Next Generation Science Assessment

The Next Generation Science Assessment Project is a collaboration among the following four institutions:

  • University of Illinois at Chicago (James Pellegrino, Principal Investigator; Louis DiBello, Co-Principal Investigator)
  • SRI International (Christopher Harris, Principal Investigator)
  • Michigan State University (Joseph Krajcik, Principal Investigator)
  • The Concord Consortium (Daniel Damelin, Institutional Lead) 

Using the evidence-centered design framework as a guide, we have articulated a process for designing and developing assessments that science teachers can use formatively to gauge their students’ progress on NGSS performance expectations. We have developed a set of exemplar assessment tasks for middle school physical science. Additionally, we are in the process of developing assessment tasks for middle school life science. These tasks are freely available for teachers to incorporate into their classroom teaching.

The latest details and information can be found at the main project site at:

Designing Assessments in Science Across Three Dimensions

Currently, few supports are in place to guide the successful implementation of the Next Generation Science Standards (NGSS). Both the Framework for K-12 Science Education and NGSS committees recognize that assessment is essential and that a key challenge will be to develop new measures of learning that take into account the interdependence of content and practice. Designing assessment tasks based on science and engineering practices, disciplinary core ideas and crosscutting concepts as articulated in NGSS performance expectations will address numerous challenges for complex assessment. Few existing curriculum-embedded classroom assessments or large-scale assessment items richly integrate students’ understanding of both content and practice. Multiple stakeholders will need high quality examples of such assessments to better understand and instantiate the vision of NGSS and support the transition to implementation of the new standards.

This project is a multi-institutional effort to develop next-generation assessments that address (1) the physical science disciplinary topics of Matter and Its Interactions and Energy, as well as the life science disciplinary topics of Molecules to Organisms: Structures and Processes and Ecosystems: Interactions, Energy, and Dynamics; (2) the science practices of constructing explanations, developing and using models, planning and carrying out investigations, and analyzing and interpreting data; and (3) the crosscutting concepts of Patterns, Scale, Proportion and Quantity, Cause and Effect, and Energy and Matter.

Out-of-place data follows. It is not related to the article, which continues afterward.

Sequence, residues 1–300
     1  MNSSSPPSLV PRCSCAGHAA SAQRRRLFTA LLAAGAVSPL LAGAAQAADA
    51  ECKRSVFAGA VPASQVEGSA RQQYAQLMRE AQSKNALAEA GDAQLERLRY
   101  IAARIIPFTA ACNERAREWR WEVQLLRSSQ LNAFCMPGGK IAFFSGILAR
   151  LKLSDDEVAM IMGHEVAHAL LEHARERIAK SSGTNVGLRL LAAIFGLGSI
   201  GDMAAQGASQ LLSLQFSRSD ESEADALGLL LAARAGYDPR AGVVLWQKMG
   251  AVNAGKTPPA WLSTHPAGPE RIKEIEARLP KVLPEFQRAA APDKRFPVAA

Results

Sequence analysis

Principal Investigators

Dan Damelin
Jim Pellegrino
Lou DiBello
Christopher Harris
Joe Krajcik

Project Inquiries

Project Partners

University of Illinois at Chicago
SRI International
Michigan State University

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This material is based upon work supported by the National Science Foundation under Grant No. DRL-1316874, 1316903, 1316908. Any opinions, findings, and conclusions or recommendations expressed in this material are those of the author(s) and do not necessarily reflect the views of the National Science Foundation.

The project will incorporate principles of evidence-centered design and state-of-the-art psychometric methods within an integrated validity framework to develop, test and analyze sets of technology-supported diagnostic classroom assessments for middle school physical science and life science. The proposed research directly addresses a combination of cognitive, instructional and inferential aspects of validity and is gathering and analyzing a large database of student performance from a range of classrooms and curricular contexts. Our classroom studies occur classrooms using curriculum materials designed to help students learn the science practices and content specified in NGSS.

Assessments are iteratively designed and administered in middle school science classrooms to ensure usability. They will be administered across middle school grade levels to enable an examination of how students might progress over time in their ability to integrate the NGSS dimensions in the physical science and life science disciplines. The validity studies address cognitive, inferential, and instructional aspects of validity and include expert reviews of alignment with the Framework and the NGSS, student cognitive analyses, classroom observation, teacher interviews, and psychometric analyses. A unique feature of the research will be the inclusion of teachers in co-developing resources for formative use of the assessments.

Outcomes will include: (1) a framework for principled design and analysis for assessments aligned to specific NGSS performance expectations, (2) exemplar items and rubrics that teachers can use formatively in middle school physical science and life science instruction, and (3) instructional resources for teachers’ formative use of these assessments.

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